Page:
A sweet pancake, malpua is popular in North Indian states. It is also presented as an offering to Lord Jagannath in Puri. A dish that is offered to the Gods must be a divine delight for humans. A batter using flour and rice flour is prepared and pancakes are made out of it. The batter is then fried in hot ghee and dipped in sugar syrup. To enhance its taste, it is often served with rabri.
A rice pudding prepared by boiling rice, milk and sugar and often flavored with saffron, cardamom, almonds and pistachios. It is also known as Phirni in some regions and the South Indian version of kheer is known as Payyasam. It is usually prepared in Indian households on festivals and special occasions. Whether served hot or cold, it tastes equally delectable.
7. Kaju Kalti
Barfi made with cashew nuts and milk and decorated with silver warq, kaju katli is a childhood favorite. On special occasions, it is usually exchanged as sweet gifts. Traditionally eaten during Diwali, this sweet dish is enjoyed and loved by people throughout the year. Kaju katli is undoubtedly one of the most sought after Indian dessert.
6. Kulfi Faluda
A summer favourite, Kulfi Faluda is a frozen dessert topped with Faluda sev along with rose syrup and dry fruits. Kulfi is the Indian version of ice cream. Perfect remedy to a hot summer day, this dessert is refreshing, cooling, velvety, sweet and crunchy, all in one. The first gulp of it down your throat gives you a sense of happiness that is inexplicable in words. You have to try it to know it.
5. Soan Papdi
A dry north Indian dessert, Soan Papdi is usually served as cubes of flakes and has a crisp and a flaky texture. Contrary to its appearance, it dissolves in your mouth almost immediately. The prime ingredients of this dessert are besan, flour, ghee and sugar and it is usually flavored with cardamom and rose syrup and garnished with dry fruits.
With its origins in Alwar, Rajasthan this dish is prepared with sweetened, solidified milk and paneer. The milk is boiled on a large flame and is continuously stirred till it thickens. Then, it is flavored with nuts and dry fruits. An essential part of festivities in India, Kalakand has a crumbled texture.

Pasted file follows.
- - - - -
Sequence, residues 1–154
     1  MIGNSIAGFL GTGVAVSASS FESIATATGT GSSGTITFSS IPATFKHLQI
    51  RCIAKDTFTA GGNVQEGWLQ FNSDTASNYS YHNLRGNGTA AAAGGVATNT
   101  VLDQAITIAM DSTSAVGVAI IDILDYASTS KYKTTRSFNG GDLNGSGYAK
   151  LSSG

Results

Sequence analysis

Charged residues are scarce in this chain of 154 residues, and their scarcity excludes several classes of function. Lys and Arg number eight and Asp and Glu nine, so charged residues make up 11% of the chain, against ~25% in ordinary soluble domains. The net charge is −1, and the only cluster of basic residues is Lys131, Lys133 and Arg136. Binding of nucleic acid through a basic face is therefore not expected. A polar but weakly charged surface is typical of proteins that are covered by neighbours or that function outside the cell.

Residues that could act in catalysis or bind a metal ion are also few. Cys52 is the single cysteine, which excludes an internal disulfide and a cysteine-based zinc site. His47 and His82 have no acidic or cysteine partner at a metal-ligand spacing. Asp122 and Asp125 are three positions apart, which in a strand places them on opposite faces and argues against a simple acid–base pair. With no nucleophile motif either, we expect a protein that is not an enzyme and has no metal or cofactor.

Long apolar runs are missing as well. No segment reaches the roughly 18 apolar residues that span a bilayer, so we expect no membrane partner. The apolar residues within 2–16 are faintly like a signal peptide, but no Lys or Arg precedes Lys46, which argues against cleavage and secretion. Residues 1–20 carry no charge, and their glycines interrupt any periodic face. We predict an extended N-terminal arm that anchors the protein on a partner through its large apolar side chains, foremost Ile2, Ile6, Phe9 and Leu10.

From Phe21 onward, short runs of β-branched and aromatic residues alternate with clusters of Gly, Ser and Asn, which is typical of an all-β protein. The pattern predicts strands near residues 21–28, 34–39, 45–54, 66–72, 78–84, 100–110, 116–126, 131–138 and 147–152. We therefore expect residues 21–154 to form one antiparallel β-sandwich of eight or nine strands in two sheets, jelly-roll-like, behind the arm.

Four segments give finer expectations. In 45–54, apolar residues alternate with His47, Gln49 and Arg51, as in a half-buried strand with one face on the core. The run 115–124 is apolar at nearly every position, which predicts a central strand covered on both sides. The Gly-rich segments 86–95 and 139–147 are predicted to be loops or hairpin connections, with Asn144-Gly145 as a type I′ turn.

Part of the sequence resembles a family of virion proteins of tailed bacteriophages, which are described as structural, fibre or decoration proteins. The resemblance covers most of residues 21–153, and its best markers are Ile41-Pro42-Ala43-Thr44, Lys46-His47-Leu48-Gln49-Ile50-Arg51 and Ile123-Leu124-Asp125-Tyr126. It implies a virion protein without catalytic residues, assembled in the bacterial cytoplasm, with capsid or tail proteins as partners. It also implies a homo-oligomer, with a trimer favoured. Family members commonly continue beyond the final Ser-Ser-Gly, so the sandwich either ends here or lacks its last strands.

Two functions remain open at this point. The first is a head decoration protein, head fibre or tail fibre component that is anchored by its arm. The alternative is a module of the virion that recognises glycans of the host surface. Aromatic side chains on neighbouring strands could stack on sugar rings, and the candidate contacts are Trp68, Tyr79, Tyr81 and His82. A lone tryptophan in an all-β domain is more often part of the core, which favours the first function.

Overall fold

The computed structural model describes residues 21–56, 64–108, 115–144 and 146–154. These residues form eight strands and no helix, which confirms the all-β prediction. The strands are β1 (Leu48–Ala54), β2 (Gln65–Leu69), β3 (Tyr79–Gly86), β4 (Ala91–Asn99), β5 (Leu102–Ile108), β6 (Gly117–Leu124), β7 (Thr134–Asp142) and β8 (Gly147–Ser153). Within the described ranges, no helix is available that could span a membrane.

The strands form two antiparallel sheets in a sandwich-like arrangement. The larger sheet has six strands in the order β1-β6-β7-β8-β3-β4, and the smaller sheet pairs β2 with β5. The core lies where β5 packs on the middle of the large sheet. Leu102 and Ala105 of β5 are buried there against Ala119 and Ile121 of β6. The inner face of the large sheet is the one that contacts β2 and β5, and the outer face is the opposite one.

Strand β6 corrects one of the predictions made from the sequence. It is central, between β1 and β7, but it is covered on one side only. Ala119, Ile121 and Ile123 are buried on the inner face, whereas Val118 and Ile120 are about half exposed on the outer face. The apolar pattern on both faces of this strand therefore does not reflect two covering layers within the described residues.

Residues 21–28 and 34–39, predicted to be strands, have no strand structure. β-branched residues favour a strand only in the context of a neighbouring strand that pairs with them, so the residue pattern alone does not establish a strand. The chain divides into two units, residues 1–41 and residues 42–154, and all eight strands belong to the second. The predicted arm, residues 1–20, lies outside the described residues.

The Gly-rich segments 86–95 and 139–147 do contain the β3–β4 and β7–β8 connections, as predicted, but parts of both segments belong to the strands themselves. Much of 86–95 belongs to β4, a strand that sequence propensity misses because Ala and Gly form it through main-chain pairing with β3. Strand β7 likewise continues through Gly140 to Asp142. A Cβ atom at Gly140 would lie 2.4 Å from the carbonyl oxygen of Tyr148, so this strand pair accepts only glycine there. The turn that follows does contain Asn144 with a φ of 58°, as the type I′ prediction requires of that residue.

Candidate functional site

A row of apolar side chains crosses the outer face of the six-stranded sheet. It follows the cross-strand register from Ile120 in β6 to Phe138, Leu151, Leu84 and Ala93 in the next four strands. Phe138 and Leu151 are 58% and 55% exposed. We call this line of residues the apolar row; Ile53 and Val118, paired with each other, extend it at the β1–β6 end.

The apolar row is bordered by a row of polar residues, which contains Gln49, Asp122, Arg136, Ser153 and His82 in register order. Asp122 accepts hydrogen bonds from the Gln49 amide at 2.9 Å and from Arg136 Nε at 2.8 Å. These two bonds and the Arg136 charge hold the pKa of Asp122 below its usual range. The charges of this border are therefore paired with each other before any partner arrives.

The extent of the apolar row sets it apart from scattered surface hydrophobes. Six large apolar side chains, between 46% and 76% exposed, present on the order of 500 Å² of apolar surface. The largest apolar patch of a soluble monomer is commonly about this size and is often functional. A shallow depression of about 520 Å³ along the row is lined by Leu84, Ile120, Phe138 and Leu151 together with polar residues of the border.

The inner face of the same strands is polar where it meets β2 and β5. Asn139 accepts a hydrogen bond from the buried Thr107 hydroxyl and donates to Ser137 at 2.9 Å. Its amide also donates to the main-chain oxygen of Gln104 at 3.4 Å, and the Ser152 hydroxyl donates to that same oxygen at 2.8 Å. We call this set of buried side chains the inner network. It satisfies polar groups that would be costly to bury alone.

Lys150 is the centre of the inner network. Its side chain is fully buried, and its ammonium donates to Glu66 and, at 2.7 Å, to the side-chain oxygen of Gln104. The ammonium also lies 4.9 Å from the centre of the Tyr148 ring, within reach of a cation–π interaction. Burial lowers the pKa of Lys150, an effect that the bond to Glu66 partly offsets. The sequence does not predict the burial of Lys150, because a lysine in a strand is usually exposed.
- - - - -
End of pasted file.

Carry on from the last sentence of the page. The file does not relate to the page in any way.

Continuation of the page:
Ball shaped sweets that are made of flour and sugar laddus are a popular Indian dessert. The flavor of the dessert might vary according to one’s taste and region, but this is one dessert that is loved by children and adults alike. Laddus come in a variety of flavors like coconut, besan, boondi, malai and gond (edible gum) and are the preferred sweets for religious occasions.
A Rajasthani dessert, Ghevar is traditionally associated with the teej festival. It is a disc shaped dessert made using all purpose flour and sugar syrup. It is savored with great delight in Northern part of the country and comes in a variety of flavors such as malai and mava Ghevar. It has its own unique flavor and melt-in-the-mouth texture.
A soft translucent candy, Petha originated in the city of Agra, from the kitchens of Mughal Emperor, Shah Jahan. It is prepared from a fruit called ‘winter melon’ which is consumed as a fruit and as a vegetable when it matures. It is usually cylindrical, rectangular or round in shape and tastes best when refrigerated. It usually comes in a variety of colors and flavors such as Angoori Petha, Coconut Petha etc. It has a smooth texture and a slight crunch.